They can be found at the Tempe Town Lake, Fountain Hills, and some other areas in west and east Phoenix, such as the Glendale and Avondale Recharge Ponds and Granite Reef Salt River sites. But there are other areas, seemingly just as large and deep, when I never see them nor have seen them reported. As such. they're not an uncommon bird, but it's always a treat to see them, even though they seldom come close enough to shore for photos.

Sunday, November 18, 2012

Early Birds

Here are some of the Arizona backyard desert scrub essentials, photographed din early morning light. These birds are part of the staple base for good desert birding. The boost daily birding lists and provide the foundation for less frequent but more exciting findings. They're the staples that hold everything together, and even though staples are, let's be honest, one of the less-fun office supplies both to shop for an to use, these staple birds are still pretty important. And they still look pretty good too.

Gamble's Quail are about as handsome as they come, and their chicks are some of the cutest too. They nest in oleander hedges and other concentrations of vegetation all around town, and their anxious clucking fills the evening air.

 Northern Mockingbirds need no introduction. They're sharp birds, both in their aesthetic and in their attitude. They're pretty big jerks actually, and seem to prefer making enemies to making friends or allies, but hey they're successful, so much so that they're the official state bird for Florida, Arkansas, Tennessee, Mississippi, and Texas.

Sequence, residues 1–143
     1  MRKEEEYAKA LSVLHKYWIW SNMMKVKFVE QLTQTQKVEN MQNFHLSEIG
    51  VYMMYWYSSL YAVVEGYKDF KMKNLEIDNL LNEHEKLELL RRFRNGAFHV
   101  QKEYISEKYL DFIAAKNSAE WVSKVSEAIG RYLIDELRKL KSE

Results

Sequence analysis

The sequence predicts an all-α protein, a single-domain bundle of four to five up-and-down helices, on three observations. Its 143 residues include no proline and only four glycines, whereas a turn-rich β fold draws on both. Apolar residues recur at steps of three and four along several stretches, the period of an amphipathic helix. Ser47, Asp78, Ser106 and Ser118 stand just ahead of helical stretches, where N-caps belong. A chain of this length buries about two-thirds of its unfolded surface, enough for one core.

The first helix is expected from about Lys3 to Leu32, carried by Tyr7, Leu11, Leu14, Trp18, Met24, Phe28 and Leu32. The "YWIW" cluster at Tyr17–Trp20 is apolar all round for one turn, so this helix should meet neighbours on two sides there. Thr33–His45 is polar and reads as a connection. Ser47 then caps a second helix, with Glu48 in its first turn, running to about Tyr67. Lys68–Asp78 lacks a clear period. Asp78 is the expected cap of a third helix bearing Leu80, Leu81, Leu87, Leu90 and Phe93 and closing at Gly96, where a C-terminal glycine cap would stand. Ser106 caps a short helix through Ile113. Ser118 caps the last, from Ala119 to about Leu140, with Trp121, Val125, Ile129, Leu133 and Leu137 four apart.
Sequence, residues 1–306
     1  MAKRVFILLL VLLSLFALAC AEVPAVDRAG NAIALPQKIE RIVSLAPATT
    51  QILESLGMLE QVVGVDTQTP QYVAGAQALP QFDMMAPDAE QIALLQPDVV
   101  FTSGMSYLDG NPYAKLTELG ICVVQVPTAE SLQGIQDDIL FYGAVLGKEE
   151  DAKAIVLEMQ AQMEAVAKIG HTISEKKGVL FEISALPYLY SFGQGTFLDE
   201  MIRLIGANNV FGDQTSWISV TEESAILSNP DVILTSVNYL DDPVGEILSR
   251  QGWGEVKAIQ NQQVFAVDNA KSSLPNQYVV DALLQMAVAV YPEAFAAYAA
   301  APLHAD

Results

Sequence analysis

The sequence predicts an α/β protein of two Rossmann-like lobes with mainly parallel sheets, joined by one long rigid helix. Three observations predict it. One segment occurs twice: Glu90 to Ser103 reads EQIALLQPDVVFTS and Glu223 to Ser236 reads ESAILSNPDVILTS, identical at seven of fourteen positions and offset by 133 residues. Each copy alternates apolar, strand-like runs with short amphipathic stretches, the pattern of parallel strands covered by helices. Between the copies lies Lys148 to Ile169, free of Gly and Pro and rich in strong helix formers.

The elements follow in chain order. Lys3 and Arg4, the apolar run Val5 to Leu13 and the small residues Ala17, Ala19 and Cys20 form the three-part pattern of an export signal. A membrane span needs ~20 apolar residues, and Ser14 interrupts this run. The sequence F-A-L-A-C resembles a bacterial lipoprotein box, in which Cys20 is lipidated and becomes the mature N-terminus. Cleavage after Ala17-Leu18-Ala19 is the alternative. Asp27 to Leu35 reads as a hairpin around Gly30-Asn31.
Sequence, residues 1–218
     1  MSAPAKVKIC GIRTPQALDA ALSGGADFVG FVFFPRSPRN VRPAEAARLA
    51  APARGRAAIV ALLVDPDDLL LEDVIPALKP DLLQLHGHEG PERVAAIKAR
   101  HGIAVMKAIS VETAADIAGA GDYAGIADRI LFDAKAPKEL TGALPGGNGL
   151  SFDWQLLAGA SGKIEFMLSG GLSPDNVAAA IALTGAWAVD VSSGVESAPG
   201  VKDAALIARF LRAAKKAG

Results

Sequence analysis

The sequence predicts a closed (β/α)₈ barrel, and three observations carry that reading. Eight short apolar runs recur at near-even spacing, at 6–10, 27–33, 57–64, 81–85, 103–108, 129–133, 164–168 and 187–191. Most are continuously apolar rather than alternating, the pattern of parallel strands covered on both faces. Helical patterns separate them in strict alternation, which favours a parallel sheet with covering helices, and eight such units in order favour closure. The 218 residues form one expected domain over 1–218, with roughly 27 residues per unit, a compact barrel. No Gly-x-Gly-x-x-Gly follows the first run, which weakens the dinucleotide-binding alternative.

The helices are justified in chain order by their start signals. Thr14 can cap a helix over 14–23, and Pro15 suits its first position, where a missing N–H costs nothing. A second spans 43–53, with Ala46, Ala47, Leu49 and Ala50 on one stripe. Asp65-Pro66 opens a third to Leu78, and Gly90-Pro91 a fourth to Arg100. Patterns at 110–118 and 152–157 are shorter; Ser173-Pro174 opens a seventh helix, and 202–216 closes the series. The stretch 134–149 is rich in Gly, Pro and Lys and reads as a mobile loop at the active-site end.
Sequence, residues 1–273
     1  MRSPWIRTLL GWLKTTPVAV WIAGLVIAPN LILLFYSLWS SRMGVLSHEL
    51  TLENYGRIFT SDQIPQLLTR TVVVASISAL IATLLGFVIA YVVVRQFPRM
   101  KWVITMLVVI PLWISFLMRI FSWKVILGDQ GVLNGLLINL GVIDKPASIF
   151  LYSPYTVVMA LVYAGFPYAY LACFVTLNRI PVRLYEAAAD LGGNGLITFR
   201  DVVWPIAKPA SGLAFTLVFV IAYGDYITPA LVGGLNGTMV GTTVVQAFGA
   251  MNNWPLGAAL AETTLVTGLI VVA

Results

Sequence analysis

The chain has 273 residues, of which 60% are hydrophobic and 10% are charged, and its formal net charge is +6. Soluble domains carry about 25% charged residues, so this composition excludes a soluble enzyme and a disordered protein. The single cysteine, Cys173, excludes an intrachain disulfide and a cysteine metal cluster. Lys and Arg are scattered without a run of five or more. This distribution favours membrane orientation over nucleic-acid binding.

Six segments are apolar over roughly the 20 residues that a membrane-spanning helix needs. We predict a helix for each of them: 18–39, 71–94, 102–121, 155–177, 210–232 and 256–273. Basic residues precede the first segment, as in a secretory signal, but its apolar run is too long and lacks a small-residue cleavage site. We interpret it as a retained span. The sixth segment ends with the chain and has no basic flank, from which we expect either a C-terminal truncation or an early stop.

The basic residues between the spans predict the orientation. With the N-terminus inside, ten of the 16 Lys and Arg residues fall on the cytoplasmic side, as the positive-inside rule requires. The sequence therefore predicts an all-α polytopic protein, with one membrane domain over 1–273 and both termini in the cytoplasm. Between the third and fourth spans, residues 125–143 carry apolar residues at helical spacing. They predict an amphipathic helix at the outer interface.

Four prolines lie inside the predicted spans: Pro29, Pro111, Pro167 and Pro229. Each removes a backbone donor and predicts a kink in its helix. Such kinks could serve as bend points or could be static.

I probably post too many Verdin photos here, if that's possible, but they're basically the only little pretty desert Warbler-esque (they're not actually Warblers of course) birds that are found year round and are pretty cooperative photo subjects. Interestingly enough, the name 'Verdin' translates to 'yellowhammer' in french. The Yellowhammer is also another (antiquated) name for the Northern Flicker here in the U.S., and there's a whole different species of bird called Yellowhammer in Europe. Curious.

Curve-billed Thrashers are expected anywhere around Phoenix except, oddly enough, at the famous 'Thrasher Spot' west of the valley which is the only place to see Le Conte's, Bendire's, and Crissal Thrashers--all the rare ones. Though they reside the less wild/more boring areas of the state, they're big fans of dramatic posing, so it evens out in the end.

Mourning Doves are common everywhere, and I do get sick of seeing them or flushing them from a bush when trying to track some other less usual species. They're pretty in their own right though, and sometimes they can be downright delightful, which I guess goes for just about anything in the natural world. Hope y'all saw some good birds this weekend!

Thursday, November 15, 2012

Monday, November 12, 2012

I'm So Full Of Egret...

This past weekend I made a series of stops at some sweet waterfowl areas around Phoenix. The objective for the day was to see some male Hooded Mergansers, but that is a story for later this week. I've often found that when I set out with a specific goal in mind, I usually get lots of good stuff, even better stuff, on the side.